The Estimated Trade Effects of the Euro: Why Are They Below Those From Historical Monetary Unions Among Smaller Countries?

Download PDF743 KB

Date Published:

Apr 13, 2009


Andy Rose (2000), followed by many others, has used the gravity model of bilateral trade on a large data set to estimate the trade effects of monetary unions among small countries. The finding has been large estimates: Trade among members seems to double or triple, that is, to increase by 100-200%. After the advent of EMU in 1999, Micco, Ordoñez and Stein and others used the gravity model on a much smaller data set to estimate the effects of the euro on trade among its members. The estimates tend to be statistically significant, but far smaller in magnitude: on the order of 10-20% during the first four years. What explains the discrepancy? This paper seeks to address two questions. First, do the effects on intra-euroland trade that were estimated in the euro’s first four years hold up in the second four years? The answer is yes. Second, and more complicated, what is the reason for the big discrepancy vis-à-vis other currency unions? We investigate three prominent possible explanations for the gap between 15% and 200%. First, lags. The euro is still very young. Second, size. The European countries are much bigger on average than most of those who had formed currency unions in the past. Third, endogeneity of the decision to adopt an institutional currency link. Perhaps the high correlations estimated in earlier studies were spurious, an artifact of reverse causality. We test the hypotheses regarding lags and size directly; and we address the endogeneity problem by means of a natural experiment involving trade between the CFA countries of Africa and the euro countries of Europe. Contrary to expectations, we find little evidence that any of these factors explains a substantial share of the gap, let alone all of it.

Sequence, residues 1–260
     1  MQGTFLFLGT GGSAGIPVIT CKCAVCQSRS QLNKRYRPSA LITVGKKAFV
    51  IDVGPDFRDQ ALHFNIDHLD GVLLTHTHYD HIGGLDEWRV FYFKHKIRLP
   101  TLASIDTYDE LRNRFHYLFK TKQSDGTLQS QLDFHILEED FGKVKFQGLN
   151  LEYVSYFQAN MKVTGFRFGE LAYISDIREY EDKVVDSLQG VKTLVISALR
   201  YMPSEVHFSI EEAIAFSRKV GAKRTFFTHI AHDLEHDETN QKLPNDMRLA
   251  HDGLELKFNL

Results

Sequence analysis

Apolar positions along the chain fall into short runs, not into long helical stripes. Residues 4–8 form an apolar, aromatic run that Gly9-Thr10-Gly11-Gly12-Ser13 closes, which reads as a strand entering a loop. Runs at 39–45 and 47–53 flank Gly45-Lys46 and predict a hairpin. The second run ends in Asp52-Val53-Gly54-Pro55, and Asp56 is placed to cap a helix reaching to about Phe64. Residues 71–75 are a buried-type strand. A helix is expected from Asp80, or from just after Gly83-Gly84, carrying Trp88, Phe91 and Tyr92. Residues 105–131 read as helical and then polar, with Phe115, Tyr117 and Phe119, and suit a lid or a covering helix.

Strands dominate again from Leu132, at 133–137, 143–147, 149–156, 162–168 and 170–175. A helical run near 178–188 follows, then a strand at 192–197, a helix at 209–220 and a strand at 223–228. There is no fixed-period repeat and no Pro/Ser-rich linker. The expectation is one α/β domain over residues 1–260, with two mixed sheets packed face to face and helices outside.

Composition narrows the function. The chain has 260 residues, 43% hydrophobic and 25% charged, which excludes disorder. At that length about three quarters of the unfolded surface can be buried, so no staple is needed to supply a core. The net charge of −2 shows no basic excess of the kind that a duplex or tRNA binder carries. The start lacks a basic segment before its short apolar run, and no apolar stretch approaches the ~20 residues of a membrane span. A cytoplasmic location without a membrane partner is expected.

Presented at NBER conference "Europe and the Euro," October 17-18, 2008.

Last updated on 07/29/2016